In order to completely stop teachers from having any private contact with students on the Internet, the state would need to meet the most stringent form of judicial review. Namely, Missouri attorneys would have to put forth a “compelling” rationale for the wholesale ban and demonstrate how it is the least speech-restrictive means available to protect students.
To Sen. Cunningham, completely blocking private Internet messages between students and teachers, even those relating to schoolwork, is needed. “A lot of sexual relationships start with the most innocent text message: ‘How do I do this math problem?’ or ‘I’m going to be late for practice,’” Cunningham said. To the state senator, this ban is nothing more than a way to avoid parents being “cut out” of student-teacher contact and protect both teachers and students.
The question a court will have to answer, if the law is not amended, is two-fold: First, a judge would have to determine whether the law only prohibits private messaging or whether it stops educators from using social networks at all; second, if the former reading is accepted, a judge will have to determine whether a blanket ban on private messaging is truly the “least restrictive means” to protect students.
But What Does It Mean?
There is yet another constitutional issue raised by restricting teachers’ ability to “establish, maintain, or use” a website that “allows exclusive access with a current or former student.”
Under First Amendment principles, a law will be held unconstitutional if it is “vague.” The Supreme Court has stated that laws are void for vagueness when a “would be law-abiding” citizen cannot tell what conduct or speech is permitted, and what is prohibited. Such vague laws chill speech — people will err on the side of caution and not engage in speech rather than risk being prosecuted for violating an unclear law.
The primary vagueness issue raised by Section 162 relates to the terms “establish,” “maintain” and “use.” By Sen. Cunningham’s reading, the law is not overbroad because it only applies to private communications between teachers and students, and does not stop a teacher from simply using certain websites. But nowhere in the text of the law does it actually say that.
“This issue came up from teachers who identified the main problem as not being able to tell what is allowed and what is prohibited under the law,” Brown said. This, Brown said, is the hallmark of vagueness.
If a court finds that a reasonable person would not know what conduct is prohibited under the Act, the provision will be stricken for its unconstitutional chilling effect on free speech.
Judge Beetem has ordered a scheduling conference for this case on Oct. 14. If the provision has not been repealed by the General Assembly by then, the court will be forced to conclude whether the law is substantially overbroad or unconstitutionally vague.
A New Law With The Same Problems
As it is currently drafted, Section 162 of the Amy Hestir Student Protection Act has some substantial constitutional problems. But lawmakers are currently working to amend the section in early September, raising a new constitutional question.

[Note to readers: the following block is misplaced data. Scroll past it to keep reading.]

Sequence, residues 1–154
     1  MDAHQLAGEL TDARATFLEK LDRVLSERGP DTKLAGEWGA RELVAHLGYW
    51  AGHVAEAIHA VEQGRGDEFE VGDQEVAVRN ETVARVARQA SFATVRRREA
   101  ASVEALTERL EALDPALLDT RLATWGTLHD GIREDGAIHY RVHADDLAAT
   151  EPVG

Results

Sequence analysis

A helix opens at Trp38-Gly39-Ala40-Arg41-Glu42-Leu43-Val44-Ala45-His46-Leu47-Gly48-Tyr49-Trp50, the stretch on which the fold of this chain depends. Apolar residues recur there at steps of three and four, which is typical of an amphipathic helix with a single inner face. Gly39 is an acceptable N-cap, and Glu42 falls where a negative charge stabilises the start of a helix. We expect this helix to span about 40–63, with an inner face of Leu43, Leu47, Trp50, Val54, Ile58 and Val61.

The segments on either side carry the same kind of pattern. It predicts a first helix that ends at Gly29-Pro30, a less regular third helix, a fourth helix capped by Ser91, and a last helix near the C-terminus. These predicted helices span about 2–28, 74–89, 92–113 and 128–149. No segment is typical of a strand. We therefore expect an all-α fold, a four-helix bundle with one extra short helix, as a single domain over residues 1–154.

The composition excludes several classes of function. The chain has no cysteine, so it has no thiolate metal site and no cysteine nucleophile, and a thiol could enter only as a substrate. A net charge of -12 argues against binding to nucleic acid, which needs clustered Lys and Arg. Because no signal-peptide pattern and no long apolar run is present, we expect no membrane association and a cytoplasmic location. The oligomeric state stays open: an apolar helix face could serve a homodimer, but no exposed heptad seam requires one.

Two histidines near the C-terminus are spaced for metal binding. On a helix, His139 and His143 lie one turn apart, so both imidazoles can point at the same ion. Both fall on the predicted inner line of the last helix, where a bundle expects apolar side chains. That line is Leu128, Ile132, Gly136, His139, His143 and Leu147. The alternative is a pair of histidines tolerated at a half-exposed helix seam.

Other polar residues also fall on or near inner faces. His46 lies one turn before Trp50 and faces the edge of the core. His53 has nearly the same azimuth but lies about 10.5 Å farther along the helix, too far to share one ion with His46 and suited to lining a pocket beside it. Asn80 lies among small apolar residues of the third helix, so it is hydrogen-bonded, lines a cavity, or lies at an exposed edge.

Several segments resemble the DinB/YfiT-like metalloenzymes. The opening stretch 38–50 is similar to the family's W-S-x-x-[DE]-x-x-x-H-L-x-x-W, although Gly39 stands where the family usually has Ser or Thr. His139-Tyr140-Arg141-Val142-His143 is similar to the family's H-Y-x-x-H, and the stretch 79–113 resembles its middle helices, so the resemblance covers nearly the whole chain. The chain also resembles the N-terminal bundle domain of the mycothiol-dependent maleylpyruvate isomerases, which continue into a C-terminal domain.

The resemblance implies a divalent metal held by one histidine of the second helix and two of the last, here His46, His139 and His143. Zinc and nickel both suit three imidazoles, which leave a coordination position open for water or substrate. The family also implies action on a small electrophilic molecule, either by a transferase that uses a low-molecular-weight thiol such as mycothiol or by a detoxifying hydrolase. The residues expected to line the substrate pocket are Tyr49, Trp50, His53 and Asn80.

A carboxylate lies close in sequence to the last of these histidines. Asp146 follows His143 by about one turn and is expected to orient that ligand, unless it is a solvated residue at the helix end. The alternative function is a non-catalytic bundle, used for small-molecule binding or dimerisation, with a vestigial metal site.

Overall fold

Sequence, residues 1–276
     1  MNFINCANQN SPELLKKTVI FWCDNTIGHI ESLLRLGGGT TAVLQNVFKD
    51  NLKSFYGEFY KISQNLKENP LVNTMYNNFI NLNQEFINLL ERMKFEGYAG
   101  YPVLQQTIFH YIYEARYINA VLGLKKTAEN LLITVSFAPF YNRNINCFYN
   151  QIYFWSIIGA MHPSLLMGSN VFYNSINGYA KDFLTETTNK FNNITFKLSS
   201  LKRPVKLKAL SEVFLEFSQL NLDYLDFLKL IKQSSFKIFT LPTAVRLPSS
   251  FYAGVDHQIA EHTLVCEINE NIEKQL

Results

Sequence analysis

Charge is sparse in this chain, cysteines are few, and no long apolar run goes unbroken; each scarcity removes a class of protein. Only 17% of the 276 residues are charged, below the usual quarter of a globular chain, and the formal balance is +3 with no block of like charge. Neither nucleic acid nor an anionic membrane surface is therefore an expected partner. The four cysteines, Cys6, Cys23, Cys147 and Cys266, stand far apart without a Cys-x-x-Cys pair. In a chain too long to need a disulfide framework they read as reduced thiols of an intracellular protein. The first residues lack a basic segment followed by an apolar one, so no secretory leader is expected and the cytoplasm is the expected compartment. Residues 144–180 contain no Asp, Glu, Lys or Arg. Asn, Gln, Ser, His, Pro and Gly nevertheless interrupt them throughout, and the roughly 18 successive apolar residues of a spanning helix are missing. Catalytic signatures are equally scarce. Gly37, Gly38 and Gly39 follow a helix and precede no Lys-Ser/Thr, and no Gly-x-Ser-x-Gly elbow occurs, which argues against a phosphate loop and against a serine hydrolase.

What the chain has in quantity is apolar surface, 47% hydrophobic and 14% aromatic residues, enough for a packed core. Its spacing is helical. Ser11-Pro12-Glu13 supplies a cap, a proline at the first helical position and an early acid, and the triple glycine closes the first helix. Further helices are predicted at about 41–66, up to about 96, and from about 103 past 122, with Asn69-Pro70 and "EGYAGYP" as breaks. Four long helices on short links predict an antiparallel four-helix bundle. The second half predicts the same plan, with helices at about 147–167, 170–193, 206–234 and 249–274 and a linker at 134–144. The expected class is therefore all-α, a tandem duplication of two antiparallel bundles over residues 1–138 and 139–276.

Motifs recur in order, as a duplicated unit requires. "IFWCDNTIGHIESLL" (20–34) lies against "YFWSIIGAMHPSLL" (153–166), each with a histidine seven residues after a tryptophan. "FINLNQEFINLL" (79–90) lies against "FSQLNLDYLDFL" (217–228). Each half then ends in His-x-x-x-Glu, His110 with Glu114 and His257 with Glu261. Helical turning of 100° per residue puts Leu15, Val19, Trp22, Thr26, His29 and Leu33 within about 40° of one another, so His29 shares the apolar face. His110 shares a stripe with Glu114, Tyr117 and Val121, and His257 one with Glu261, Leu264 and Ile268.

Sen. Cunningham is actively working to amend the enjoined provision and “clear up any ambiguities that people might see in it,” she said. Likely, what will result is new language that clearly prohibits teachers from privately messaging students through electronic communications. This, however, still might not pass constitutional muster.
When a state employee, such as a public school teacher, makes “statements pursuant to their official duties, the employees are not speaking as citizens for First Amendment purposes, and the Constitution does not insulate their communications from employer discipline,” the Supreme Court has said. Thus, if the General Assembly wished to ban a teacher from privately messaging a student regarding homework or a book report, they would have some constitutional precedent in their sails. Although, this is certainly not an open-and-shut case.
Yet, any amended language is likely to do more — a lot more. The law we could see come from the General Assembly would completely prohibit non-work related speech. If it does, the state would need to show, with some particularity and rigor, just why a total ban is absolutely necessary to protect students. The legislature could do this though affidavits, hearings, in-depth studies, and statements from Assembly members on the State House floor. And, even then, a court could simply disagree.
The problem the General Assembly will face is that given Judge Beetem’s injunction, the constitutional problems Section 162 is currently facing, and the national media spotlight focused on this law, every free-speech advocate in the country will have an eye on what the General Assembly passes, possibly making a lawsuit difficult to avoid.
Rob Arcamona is a legal fellow at the Student Press Law Center. He graduated from The George Washington University Law School.